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3.2 Concepts and Principles Underlying the ESG Taxonomy

Double Materiality

The distinction between the impacts and risks of infrastructure companies follows from the notion of double materiality.

An infrastructure company - as a result of its activities, processes, operations and policies - can have a positive or negative impact on the environment and society. In addition to this, an infrastructure company faces risks from external actors within the boundaries of the environment and society, such as climate change, customers, communities, regulators, etc.

There is a circularity in this dichotomy between risk and impact: certain impacts can, directly or indirectly, create or increase risks for the party causing them. This notion of impacts directly or indirectly creating risks is referred to as double materiality.  Therefore, the exposure of infrastructure assets to risks is also a function of the magnitude of impacts. For example, a port whose purpose is to facilitate the import and export of goods has significant Scope 3 emissions. The shipping industry contributes about 10.6% of total transport emissions (Ritchie, 2020). These emissions cause a negative climate impact. In the new low carbon economy, the emissions of ports expose them to multiple transition risks, such as a potential carbon tax, regulations that require ports to provide sustainable fuel for ships, etc. Research (Chalmers and Basu, 2020) suggests that transition risks are particularly important for infrastructure assets, which face unexpected dynamics from regulatory, legal, market, technological and reputational risks.

Classification Theory

The ESG taxonomy is built following classification theory (Greenlaw and Liang, 2002), over three levels: a super-class, a class and a sub-class. The logic of classification theory requires that organising a domain of objects into classes must leave no two classes with any object in common; additionally, all of the classes together must contain all the objects in the domain. Further, the principles or objectives used to classify a domain of objects depend upon the nature of the objects themselves. For example, in the environmental pillar, the superclass of Nature is made up of the classes of Biodiversity, Oceans and freshwater, Land, and Atmosphere.

We followed this logic strictly when building the taxonomy. The super-classes within each pillar collectively define the actors, giving a complete understanding of all the potential impacts or risks from the perspective of infrastructure companies.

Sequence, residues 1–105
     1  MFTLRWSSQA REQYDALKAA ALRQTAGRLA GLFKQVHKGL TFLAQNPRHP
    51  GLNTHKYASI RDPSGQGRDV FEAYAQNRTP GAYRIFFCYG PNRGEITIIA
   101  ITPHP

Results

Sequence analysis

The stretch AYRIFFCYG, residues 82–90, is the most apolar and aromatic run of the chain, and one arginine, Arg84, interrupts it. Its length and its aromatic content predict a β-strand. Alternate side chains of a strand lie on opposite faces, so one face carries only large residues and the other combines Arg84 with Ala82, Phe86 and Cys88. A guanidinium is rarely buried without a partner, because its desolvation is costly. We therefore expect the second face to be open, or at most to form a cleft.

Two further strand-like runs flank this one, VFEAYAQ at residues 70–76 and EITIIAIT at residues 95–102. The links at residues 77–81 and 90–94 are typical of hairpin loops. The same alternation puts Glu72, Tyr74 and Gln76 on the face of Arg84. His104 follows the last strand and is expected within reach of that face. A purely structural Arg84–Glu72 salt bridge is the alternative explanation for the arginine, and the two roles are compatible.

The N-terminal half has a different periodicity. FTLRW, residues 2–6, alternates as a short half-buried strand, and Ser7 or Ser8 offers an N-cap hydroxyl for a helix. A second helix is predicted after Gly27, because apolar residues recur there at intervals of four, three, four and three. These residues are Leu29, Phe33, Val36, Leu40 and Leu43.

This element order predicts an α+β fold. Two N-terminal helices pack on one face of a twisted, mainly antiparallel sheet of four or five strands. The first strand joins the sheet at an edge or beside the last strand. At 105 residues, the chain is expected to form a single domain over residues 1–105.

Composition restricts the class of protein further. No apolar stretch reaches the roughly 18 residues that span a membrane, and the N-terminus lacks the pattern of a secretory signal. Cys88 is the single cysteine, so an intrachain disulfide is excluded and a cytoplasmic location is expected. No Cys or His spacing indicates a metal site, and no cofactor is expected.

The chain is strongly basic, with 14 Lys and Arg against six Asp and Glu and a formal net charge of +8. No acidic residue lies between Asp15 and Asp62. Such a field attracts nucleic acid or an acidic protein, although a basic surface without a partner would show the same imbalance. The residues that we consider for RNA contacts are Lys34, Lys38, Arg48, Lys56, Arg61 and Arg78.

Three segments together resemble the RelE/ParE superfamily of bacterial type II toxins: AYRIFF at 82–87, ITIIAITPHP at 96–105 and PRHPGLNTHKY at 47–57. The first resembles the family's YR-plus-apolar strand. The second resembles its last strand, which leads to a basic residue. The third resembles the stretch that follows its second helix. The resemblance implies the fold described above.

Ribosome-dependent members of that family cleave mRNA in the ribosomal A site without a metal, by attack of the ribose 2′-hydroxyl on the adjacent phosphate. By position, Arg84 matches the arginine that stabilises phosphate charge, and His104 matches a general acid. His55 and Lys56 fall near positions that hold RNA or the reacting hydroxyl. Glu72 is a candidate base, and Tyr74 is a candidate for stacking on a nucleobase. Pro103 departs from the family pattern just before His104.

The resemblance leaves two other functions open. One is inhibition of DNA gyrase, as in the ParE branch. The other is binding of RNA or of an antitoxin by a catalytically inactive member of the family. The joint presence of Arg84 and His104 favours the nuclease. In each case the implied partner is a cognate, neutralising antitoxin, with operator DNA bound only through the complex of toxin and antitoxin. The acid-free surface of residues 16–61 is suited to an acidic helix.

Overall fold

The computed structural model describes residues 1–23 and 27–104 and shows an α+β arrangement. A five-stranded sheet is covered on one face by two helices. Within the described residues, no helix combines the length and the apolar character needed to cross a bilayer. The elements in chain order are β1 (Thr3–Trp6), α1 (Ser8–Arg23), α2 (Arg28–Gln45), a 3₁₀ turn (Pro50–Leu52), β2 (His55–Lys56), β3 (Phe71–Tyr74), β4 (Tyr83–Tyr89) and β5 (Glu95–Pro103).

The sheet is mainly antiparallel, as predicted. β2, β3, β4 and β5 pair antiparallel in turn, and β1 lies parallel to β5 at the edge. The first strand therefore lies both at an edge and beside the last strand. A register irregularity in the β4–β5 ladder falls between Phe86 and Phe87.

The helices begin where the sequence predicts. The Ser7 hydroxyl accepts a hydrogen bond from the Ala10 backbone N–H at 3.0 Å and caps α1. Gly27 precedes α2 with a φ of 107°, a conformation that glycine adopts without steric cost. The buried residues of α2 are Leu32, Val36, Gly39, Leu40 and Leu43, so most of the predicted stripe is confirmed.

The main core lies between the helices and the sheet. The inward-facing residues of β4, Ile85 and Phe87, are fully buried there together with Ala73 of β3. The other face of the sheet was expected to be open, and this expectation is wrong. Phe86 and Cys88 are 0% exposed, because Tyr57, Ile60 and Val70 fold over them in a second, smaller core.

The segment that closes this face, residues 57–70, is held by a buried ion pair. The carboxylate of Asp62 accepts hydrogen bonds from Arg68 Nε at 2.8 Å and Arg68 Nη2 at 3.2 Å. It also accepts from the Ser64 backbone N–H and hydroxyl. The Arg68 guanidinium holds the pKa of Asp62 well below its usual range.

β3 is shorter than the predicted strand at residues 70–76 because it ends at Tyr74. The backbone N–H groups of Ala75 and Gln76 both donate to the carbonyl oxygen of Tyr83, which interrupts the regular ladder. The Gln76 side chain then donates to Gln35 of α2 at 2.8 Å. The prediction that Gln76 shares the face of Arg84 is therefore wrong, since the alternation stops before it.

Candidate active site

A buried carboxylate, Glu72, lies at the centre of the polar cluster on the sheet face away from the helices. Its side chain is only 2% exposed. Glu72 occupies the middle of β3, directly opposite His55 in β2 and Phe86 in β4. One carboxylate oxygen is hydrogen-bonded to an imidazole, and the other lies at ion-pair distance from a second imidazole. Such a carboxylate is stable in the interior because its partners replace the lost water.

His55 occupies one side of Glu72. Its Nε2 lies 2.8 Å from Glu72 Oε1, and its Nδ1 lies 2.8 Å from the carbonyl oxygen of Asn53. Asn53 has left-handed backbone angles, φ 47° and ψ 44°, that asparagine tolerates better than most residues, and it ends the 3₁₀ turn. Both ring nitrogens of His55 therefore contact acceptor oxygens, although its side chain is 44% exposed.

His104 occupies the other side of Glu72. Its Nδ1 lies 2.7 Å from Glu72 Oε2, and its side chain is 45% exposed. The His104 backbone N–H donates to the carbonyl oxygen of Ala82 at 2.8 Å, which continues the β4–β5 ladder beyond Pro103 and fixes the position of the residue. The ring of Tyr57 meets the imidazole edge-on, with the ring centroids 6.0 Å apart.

Similarly, the classes of any given super-class were defined to be unique, to provide a comprehensive overview of the themes pertaining to ESG impacts of risks, as were their nested sub-classes.

The classification was (where available) based on well-established theoretical frameworks and fundamental concepts or mechanisms. For instance, under environmental risks, the class of physical risk (acute and chronic) was classified into sub-classes of temperature-related risks, wind-related risks, water-related risks and solid-mass-related risks. This classification is the same as that followed by the Task Force on Climate-Related Disclosures (TCFD, 2020). Classifying the physical risks in this manner ensures that they are unique and cover all possible types of events that can pose an environmental risk to infrastructure companies as well as being compatible with the international frameworks and taxonomies already widely adopted globally.


The taxonomy is built on the following principles:

  • Salience: The classes outlined in the taxonomy are important to capture to understand and measure the ESG performance of infrastructure companies.

  • Credibility: The classes outlined in the taxonomy are scientifically valid.

  • Independence: The classes outlined in the taxonomy do not overlap with each other in scope.

  • Measurability: The classes outlined in the taxonomy are realistic to qualify.

  • Reliability: The classes outlined in the taxonomy will be consistently measurable over time.

Chalmers, B., & Basu, M. (2020). Global risks for infrastructure, the climate challenge. Marsh McLennan:

Greenlaw, R. & Liang, Y. D. (2002). Encyclopedia of Information Systems. Elsevier.

Ritchie, H. (2020). Cars, planes, trains: where do CO2 emissions from transport come from? Accessed on 11 April 2022 from

TCFD. (2020). Task force on climate-related financial disclosures—2020 status report.

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